Green leader demands new refugee agreement between EU and Turkey

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For the chairwoman of the Green Party Annalena Baerbock, the refugee agreement between the EU and Turkey has failed. She calls for a new agreement that does not “let the 27 EU states fall like dominoes when Erdogan blows.

Green Party leader Annalena Baerbock has called the refugee agreement between the EU and Turkey a failure and called for a new, better agreement. “Instead of this failed deal, we need a new agreement guaranteed by the rule of law, which learns from the mistakes of the past, ensures that people are well cared for and that the 27 EU states do not fall like dominoes when Erdogan blows once,” Baerbock told the newspaper Rheinische Post in Düsseldorf.

The agreement with Ankara had not only failed in the past few days, but in the “terrible camps of Lesbos”, Baerbock said, with a view to the overcrowded refugee shelters on the Greek Aegean island. European sovereignty is demonstrated by the fact that the EU is making further binding financial commitments to support the more than four million refugees in Turkey. They need access to schools, hospitals and the labour market.

People as negotiating mass
“A functioning agreement also includes a reliable commitment to the resettlement of particularly vulnerable people from Turkey to Europe – especially in light of the acute situation in the Idlib region,” said Baerbock, referring to the embattled province in north-western Syria. Turkey had to stop abusing people as a bargaining chip and safeguard the rights of those in need of protection.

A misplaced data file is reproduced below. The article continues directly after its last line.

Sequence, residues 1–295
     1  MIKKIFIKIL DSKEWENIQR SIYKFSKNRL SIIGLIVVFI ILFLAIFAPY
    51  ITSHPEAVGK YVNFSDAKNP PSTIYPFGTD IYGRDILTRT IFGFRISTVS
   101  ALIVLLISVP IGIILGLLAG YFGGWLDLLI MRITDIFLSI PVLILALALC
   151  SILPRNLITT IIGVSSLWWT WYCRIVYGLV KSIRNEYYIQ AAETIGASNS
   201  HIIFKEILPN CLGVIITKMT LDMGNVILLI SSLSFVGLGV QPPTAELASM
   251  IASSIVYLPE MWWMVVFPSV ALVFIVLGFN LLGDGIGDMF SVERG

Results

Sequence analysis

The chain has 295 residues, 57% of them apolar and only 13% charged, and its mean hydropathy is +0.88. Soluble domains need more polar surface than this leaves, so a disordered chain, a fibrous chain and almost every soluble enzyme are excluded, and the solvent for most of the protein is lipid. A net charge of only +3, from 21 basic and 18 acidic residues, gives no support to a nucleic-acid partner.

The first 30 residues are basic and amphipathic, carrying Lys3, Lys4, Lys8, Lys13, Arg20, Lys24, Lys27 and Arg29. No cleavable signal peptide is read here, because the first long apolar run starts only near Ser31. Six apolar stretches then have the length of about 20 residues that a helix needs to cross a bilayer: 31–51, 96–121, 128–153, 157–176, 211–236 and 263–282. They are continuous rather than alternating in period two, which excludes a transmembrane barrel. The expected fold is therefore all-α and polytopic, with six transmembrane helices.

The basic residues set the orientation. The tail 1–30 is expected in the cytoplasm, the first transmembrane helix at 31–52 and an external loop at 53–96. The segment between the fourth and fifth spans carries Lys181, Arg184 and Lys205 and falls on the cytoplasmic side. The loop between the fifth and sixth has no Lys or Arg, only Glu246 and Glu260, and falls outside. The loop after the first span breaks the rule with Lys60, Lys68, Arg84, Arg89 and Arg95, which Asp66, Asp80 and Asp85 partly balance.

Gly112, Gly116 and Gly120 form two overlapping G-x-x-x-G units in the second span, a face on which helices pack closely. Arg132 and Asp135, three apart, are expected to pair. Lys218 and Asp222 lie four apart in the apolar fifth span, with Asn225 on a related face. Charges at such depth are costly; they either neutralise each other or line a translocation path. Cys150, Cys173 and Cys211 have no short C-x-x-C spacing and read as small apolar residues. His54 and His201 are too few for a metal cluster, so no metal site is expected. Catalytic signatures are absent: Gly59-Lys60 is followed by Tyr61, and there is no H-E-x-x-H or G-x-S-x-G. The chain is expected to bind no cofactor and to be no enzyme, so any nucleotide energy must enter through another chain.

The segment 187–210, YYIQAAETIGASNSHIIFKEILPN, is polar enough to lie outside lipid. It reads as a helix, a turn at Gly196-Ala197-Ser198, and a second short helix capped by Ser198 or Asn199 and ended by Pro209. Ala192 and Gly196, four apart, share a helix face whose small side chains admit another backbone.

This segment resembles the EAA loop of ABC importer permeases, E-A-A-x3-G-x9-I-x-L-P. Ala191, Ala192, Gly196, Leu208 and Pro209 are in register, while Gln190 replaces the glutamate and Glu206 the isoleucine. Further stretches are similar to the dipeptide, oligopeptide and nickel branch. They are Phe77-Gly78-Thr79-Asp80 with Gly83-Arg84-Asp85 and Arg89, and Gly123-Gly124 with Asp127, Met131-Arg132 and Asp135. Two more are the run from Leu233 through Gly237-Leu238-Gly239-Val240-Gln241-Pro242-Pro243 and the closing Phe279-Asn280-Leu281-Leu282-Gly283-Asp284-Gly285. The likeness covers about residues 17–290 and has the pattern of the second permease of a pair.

The Green leader warned that the Refugee Convention and thus fundamental basic rights in the EU were currently at stake. “If one Member State now suspends a fundamental right and everyone keeps silent, where does it stop? Today it is the right to asylum in Greece. And tomorrow it’s freedom of opinion in Hungary?”, said Baerbock.

atten concluded a refugee agreement in March 2016, after hundreds of thousands of refugees had arrived in Central Europe via the Balkan route in 2015. Ankara committed itself to take back all refugees arriving in the Greek Aegean islands and to take stronger action against gangs of smugglers. The EU promised Turkey billions in aid, accelerated visa facilitation and the modernisation of the customs union.

Last week, the Turkish head of state Recep Tayyip Erdogan opened the borders to the EU following the escalation of the situation in the northern Syrian province of Idlib. Greek security forces have since prevented tens of thousands of people from crossing the border, among other things by using tear gas. The Greek head of government Kyriakos Mitsotakis said on Friday that the EU-Turkey Refugee Pact was “dead”.

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Mette Frederiksen is a The Washington Newsday correspondent. With her coverage of general science, NASA and the interface between technology and society, Frederiksen has been in the Science Desk's Technology Beat since joining Washington Newsday in 2018.

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